By all means, try to avoid highly processed “junk meats,” such as hot dogs, bologna, salami, sausage, and bacon. These forms of meat are not only high in unhealthy fats but they also are loaded with salt, nitrates, nitrites and other chemicals, some of which are clearly associated with the risk of certain cancers.

      When it comes to beef, choose lean cuts of organically produced meat whenever possible. Most commercially produced beef is from grain-fed cattle rather than from cows that graze on grass as God designed them to do. They are fed large amounts of grain to fatten them up more quickly for greater financial profit, but the end result is beef that is much higher in saturated fats.

     Feed given to cattle is typically comprised of grains higher in omega-6 fatty acids, whereas meat from grass-fed cows is significantly higher in omega-3 fatty acids (to better understand the health consequences of the over-consumption of omega-6 and the benefits of higher amounts of omega-3 in the diet, I would encourage you to read my article Understanding Fats – the Good, the Bad, and the BEST – Part 2).

     Another major problem with beef (as well as chicken and other poultry) not naturally produced is that they often receive hormones and antibiotics in their feed. This practice not only affects beef and chicken, but also the eggs from the chickens and all of the dairy products produced from the milk of the cows. Look for meat and dairy products which are organic or state that they are hormone- and antibiotic-free on the label.

Protein from Fish – Pros and Cons

     Fish is a great source of quality protein, though not just any fish is a healthy option. Much caution must be exercised when purchasing fish, due to the amounts of toxic substances (especially mercury) that may be present in fish caught in contaminated waters.

    The healthiest fish are those caught wild in cold-water.  These are uniformly high in omega-3 fatty acids. Farm-raised fish are not the best choice for a number of reasons. Because of disease and parasites, fish raised in feedlots are often subject to vaccinations, antibiotics and/or pesticides.  Additionally, statistics provided by the FDA show that farm-raised fish are fattier, have a lower protein content and higher amounts of pro-inflammatory omega-6 fats than wild caught fish, which makes any omega-3 content of the fish less usable (for more information on this subject and specific guidelines related to fish consumption, I refer you to my article Understanding Fats, the Good, the Bad and the BEST – Part Two).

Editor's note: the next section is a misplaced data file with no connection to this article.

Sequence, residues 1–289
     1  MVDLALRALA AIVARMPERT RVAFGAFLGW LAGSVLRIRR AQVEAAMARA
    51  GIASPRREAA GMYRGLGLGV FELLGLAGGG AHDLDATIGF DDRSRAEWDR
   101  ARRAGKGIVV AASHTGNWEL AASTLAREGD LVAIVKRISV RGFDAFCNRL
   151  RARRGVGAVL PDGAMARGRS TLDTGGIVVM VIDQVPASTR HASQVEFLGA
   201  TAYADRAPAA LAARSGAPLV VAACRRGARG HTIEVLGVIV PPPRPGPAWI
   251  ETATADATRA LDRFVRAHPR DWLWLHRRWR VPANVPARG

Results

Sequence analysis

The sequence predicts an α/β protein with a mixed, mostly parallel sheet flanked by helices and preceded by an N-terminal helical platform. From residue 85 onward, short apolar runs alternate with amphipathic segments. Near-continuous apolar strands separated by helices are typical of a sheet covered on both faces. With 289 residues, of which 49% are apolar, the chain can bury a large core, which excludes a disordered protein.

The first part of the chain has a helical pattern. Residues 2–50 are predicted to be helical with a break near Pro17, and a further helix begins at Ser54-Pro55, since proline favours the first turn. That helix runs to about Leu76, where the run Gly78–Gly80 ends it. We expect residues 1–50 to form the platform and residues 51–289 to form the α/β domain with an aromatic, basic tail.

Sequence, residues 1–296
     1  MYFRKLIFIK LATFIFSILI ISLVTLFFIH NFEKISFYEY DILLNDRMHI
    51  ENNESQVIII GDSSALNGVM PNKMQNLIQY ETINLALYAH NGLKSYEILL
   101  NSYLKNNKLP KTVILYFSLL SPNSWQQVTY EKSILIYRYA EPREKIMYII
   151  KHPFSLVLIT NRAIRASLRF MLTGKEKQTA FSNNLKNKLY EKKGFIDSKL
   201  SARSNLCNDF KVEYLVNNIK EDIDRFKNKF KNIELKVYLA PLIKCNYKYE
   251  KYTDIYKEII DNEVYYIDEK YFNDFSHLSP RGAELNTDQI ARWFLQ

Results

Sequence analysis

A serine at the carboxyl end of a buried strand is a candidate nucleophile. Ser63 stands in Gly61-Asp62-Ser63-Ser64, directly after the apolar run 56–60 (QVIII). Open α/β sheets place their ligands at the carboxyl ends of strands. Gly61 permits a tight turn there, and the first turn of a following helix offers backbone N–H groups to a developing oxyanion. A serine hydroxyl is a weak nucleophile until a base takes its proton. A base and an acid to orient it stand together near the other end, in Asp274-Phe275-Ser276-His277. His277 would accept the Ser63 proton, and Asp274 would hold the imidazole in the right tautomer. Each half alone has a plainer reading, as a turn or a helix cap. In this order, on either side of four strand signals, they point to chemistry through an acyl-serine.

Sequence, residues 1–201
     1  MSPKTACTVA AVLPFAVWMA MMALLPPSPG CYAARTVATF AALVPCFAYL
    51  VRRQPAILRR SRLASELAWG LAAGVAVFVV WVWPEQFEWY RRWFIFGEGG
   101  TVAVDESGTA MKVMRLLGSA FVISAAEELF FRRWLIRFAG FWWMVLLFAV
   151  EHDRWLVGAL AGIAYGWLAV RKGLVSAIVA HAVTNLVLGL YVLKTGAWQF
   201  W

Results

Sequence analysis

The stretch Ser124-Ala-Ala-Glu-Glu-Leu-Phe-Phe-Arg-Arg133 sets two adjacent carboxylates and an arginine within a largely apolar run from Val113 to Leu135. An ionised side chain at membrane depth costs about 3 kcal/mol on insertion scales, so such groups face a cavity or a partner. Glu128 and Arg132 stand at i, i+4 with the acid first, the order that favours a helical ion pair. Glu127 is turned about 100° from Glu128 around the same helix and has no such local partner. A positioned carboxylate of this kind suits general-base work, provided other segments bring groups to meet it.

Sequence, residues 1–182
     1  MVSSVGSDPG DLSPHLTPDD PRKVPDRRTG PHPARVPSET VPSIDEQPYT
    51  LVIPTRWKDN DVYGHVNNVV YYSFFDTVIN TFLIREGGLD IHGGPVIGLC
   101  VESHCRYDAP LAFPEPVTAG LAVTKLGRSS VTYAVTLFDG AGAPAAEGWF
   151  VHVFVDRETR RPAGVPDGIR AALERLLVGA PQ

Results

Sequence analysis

The Best Eggs

     Eggs are a great source of protein and contain almost every essential vitamin and mineral the body needs to function. Eggs from pasture-raised free range chickens are higher in omega-3, have lower amounts of saturated fat and generally contain twice as much protein. One way to tell if an egg is truly “farm-raised” or “organic” is if the yoke has a deeper, more orange-yellow color as opposed to pale or normal yellow.

     Although many people worry about eggs raising their cholesterol levels, more and more studies confirm that dietary cholesterol does not significantly increase blood cholesterol (80 percent of cholesterol is produced in the liver rather than obtained from dietary sources).  The protein in overcooked eggs can be difficult to digest and lead to a food sensitivity reaction in some people.

What About Plant Proteins?
     Even though plant proteins do not contain all the essential amino acids necessary to make a complete protein as animal proteins do, plant proteins have the advantage of being higher in fiber and powerful phytonutrients and lower in saturated fat (plus they contain no cholesterol).

     The most abundant sources of plant proteins come from seeds, nuts, legumes and soy foods.  Plant proteins may be low in one or more essential amino acids, but if properly combined, amino acids in one plant protein can compensate for the deficiencies of another. For instance, whole grains may be combined with legumes or nuts to make a complete protein. You can make numerous combinations, for instance: black beans and rice, pinto beans in a corn tortilla, whole-wheat toast with peanut butter, etc.

    A special note about soy foods:  Soy should be consumed in moderation.  All genetically modified forms of soy should be avoided. Non GM-fermented sources of soy (tofu, tempeh, miso, etc.) are the best, while soy milk and soy protein are the most harmful. Over-consumption of soy is associated with estrogen-based cancers and altered thyroid function, which can affect metabolism.